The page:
ISSA TRAP: Black Women's Manicures Are Deadly

Using gels and acrylics for your manicure? It could be killing you.

ISSA TRAP: Black Women's Manicures Are Deadly

See how nail beauty standards with gels and acrylics are killing us.

Published March 9, 2018

“Hair done, nails done, everything did” is more than a Drake lyric, it’s a weekly ritual many of us swear by. Plus, nothing spells out M-E time than an indulgent manicure. Right?

In the past, certain nail salons have come under fire for glaring sanitary issues or fare wages for employees. But beyond that, we should truly be asking ourselves what are the health implications we face due to our addiction to gel and acrylic manicures. Are they doing more harm than good to our health? 

First off, let’s talk chemicals. According to, resins and formaldehyde have been shown to cause cancer. Exposure to these chemicals through your nails over a long period of time can result in complete nail loss by destruction of the nail matrix. Not to mention, allergic reactions have also been reported with acrylic nails, resulting in serious inflammation and thinning of the beds. Yuck! also reports that toluene (a toxic chemical found in some nail polishes and acrylic nail glue) has been shown to cause respiratory issues, irritated skin, headaches and dizziness. Prolonged or repeated exposure to toluene may also pose more severe health problems, including damage to internal organs, such as the liver or kidneys. While, acetonitrile (found in artificial nail removers) can cause breathing difficulties and skin irritation. What the....

(Photo: Getty)

“Acrylic nails can be harmful when MMA (methyl methacrylate) liquid monomers are being used,” explains manicurist Sarah Chue, who has worked with celebs like Uzo Aduba and Samira Wiley.

“This ingredient was used early in the nail industry, complaints included severe nail damage, soreness, nail infections, and respiratory problems from inhaling. Because of this, the FDA banned the use of MMA in numerous states. Unfortunately, it is still being illegally used because it is cheap," she adds. Hence, why a traditionally pricey mani's cost could be slashed in half.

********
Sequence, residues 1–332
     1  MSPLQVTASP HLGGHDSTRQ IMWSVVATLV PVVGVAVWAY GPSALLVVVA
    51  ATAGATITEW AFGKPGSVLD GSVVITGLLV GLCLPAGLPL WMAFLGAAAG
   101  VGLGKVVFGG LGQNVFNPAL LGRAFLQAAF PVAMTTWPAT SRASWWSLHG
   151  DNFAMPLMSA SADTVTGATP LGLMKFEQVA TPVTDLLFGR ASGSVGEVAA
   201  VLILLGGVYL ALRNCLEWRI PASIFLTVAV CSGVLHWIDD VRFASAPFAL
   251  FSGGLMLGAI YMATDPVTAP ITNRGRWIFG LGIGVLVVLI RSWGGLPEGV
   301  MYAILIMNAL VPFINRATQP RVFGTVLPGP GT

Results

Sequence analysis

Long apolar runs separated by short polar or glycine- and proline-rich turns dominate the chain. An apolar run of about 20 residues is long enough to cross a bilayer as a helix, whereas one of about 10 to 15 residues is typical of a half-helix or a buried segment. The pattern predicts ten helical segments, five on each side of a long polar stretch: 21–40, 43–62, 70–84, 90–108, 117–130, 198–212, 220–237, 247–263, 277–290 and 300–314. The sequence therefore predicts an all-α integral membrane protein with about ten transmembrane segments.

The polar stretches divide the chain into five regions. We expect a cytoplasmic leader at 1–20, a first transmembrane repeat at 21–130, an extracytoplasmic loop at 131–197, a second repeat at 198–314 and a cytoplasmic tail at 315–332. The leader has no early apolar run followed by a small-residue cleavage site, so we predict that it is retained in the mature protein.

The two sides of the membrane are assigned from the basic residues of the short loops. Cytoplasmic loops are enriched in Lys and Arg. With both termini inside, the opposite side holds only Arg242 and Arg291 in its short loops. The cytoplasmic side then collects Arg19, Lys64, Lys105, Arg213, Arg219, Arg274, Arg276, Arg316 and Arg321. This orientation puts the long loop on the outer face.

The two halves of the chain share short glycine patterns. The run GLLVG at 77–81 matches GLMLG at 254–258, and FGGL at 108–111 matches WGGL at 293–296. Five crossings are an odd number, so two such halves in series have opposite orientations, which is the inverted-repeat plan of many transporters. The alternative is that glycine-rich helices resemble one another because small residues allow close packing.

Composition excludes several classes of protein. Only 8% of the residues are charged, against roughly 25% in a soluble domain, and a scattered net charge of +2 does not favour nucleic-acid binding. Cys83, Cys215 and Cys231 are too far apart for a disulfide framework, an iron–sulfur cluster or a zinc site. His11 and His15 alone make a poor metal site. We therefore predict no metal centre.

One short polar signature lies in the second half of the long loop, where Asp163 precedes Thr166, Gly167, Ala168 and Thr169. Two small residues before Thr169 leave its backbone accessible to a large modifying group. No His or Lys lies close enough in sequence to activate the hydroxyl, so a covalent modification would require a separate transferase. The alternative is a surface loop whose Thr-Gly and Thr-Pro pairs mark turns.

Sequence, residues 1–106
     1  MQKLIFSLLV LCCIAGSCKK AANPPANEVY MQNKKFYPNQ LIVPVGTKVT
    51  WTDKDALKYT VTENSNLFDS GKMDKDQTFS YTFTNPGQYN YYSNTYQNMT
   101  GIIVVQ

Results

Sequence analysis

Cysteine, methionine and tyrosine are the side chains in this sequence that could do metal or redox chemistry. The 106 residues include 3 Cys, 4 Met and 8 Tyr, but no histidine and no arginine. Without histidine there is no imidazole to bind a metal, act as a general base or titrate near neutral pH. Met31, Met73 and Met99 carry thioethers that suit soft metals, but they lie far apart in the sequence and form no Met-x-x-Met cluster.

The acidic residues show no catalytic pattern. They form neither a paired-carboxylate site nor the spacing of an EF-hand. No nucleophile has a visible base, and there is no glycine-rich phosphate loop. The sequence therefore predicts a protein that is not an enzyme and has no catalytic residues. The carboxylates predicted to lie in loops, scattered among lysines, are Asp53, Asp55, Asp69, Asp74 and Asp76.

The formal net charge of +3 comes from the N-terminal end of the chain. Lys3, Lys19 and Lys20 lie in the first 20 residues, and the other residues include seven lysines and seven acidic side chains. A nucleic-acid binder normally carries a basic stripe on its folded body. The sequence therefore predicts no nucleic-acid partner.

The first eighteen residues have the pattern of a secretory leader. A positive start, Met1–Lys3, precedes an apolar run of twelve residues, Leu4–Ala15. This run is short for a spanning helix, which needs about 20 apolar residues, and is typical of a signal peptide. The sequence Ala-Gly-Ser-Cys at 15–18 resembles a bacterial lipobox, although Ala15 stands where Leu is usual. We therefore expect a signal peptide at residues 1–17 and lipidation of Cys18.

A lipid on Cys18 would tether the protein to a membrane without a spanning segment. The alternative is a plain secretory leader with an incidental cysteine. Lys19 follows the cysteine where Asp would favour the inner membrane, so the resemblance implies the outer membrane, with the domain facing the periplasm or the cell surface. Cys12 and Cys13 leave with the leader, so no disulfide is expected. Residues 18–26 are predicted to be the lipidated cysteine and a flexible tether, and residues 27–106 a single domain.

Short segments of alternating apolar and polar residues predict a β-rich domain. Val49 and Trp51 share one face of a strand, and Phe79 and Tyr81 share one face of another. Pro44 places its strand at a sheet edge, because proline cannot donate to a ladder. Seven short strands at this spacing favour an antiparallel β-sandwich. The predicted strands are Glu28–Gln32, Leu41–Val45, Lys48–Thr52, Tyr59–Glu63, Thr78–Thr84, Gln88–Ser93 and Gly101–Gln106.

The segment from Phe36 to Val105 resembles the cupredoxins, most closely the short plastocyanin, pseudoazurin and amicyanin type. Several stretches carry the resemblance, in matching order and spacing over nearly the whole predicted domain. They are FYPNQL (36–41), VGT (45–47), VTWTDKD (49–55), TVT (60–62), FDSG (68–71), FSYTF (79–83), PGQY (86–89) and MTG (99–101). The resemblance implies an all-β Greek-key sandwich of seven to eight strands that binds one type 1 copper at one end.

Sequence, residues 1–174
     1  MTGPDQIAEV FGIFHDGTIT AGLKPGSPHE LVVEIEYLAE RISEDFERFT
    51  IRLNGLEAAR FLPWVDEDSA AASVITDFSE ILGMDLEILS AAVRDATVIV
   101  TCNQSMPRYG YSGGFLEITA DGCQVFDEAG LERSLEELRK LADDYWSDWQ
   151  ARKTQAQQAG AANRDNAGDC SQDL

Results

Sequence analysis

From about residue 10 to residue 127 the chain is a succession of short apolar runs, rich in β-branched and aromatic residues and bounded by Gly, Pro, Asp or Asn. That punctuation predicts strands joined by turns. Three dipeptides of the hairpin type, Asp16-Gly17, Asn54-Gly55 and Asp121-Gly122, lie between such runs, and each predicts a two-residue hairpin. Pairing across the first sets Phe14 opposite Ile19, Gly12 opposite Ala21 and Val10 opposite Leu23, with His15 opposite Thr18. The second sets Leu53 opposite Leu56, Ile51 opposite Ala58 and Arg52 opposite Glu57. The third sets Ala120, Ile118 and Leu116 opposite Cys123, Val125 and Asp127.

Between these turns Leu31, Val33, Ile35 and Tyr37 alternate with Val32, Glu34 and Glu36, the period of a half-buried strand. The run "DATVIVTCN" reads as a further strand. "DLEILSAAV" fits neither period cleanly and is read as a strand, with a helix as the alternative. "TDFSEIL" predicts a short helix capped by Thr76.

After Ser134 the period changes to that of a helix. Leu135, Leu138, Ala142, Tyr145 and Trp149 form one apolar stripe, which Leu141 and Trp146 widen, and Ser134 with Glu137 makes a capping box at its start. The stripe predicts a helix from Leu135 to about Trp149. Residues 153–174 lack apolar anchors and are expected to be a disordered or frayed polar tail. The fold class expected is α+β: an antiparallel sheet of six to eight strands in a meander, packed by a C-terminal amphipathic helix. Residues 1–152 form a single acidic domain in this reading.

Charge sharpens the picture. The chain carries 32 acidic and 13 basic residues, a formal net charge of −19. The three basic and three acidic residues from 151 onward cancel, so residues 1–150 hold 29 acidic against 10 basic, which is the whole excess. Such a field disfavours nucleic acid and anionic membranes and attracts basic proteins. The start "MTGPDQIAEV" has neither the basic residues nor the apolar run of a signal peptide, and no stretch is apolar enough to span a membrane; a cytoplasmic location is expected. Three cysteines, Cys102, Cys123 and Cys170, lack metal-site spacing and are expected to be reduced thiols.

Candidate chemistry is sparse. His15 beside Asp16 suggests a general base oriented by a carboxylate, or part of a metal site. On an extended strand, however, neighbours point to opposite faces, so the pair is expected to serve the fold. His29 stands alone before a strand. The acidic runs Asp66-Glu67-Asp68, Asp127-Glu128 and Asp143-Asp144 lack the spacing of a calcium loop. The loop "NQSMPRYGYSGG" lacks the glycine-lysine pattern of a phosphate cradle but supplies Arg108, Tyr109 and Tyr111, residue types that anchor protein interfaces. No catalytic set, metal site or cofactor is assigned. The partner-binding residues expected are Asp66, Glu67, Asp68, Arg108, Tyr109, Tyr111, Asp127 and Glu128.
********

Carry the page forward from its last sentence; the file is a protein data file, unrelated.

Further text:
Another problem? The bond between artificial and natural nails is must stronger than a “real” nail bed. Meaning if the nail rips or lifts up, that gap provides a rich, moist, warm environment for bacteria and fungi (e.g., an infection) to grow. Prolonged time on the nail allows infections to worsen. With acrylics, the opposite – drying out of natural oils – can occur, which can cause damage and splitting.

“You need to be careful with the salon you’re choosing to make sure they’re taking care of the nails in the most gentle way,” cautions Smith & Cult Beauty ambassador and celebrity nail artist Sarah Bland. 

“When you have soft gels on your nails, nobody should ever use a dremel to remove the gel. It should only be removed with a hand file and soaked with acetone, it should never be drilled off.”


(Photo: Dimitrios Kambouris/Getty Images for Warner Music Group)

Chue offers a few alternatives for those who simply can’t give up their weekly nail appointment. “Dip powder nails such as the SNS brand or Kiara Sky are great alternatives. [The result] is somewhere in between gels and acrylic. Almost no odors, no UV light and can last up to 14 days.”

Even if you skip out on acrylics and gels, an unskilled technician can eff up your nail nails. “You can have permanent damage from even a bad manicure,” explains Bland. “Someone could permanently damage your nail bed by pushing your cuticles back a certain way if they’re too rough. So, I wouldn’t necessarily blame it on the product more so than the nail tech/technique," she warns. 

The good news? It is possible to reverse the damage. “The quickest way would be to go natural for a little while — not even regular polish,” Chue explains. “You'd want your damaged nail to completely grow out, which could take up to six months to completely renew itself.” 

Now that you are armed with a bit of new information, will you still be rocking gel and acrylic nails? Let us know.

Written by Janell M. Hickman

(Photo: Dimitrios Kambouris/Getty Images for Warner Music Group)


Latest in style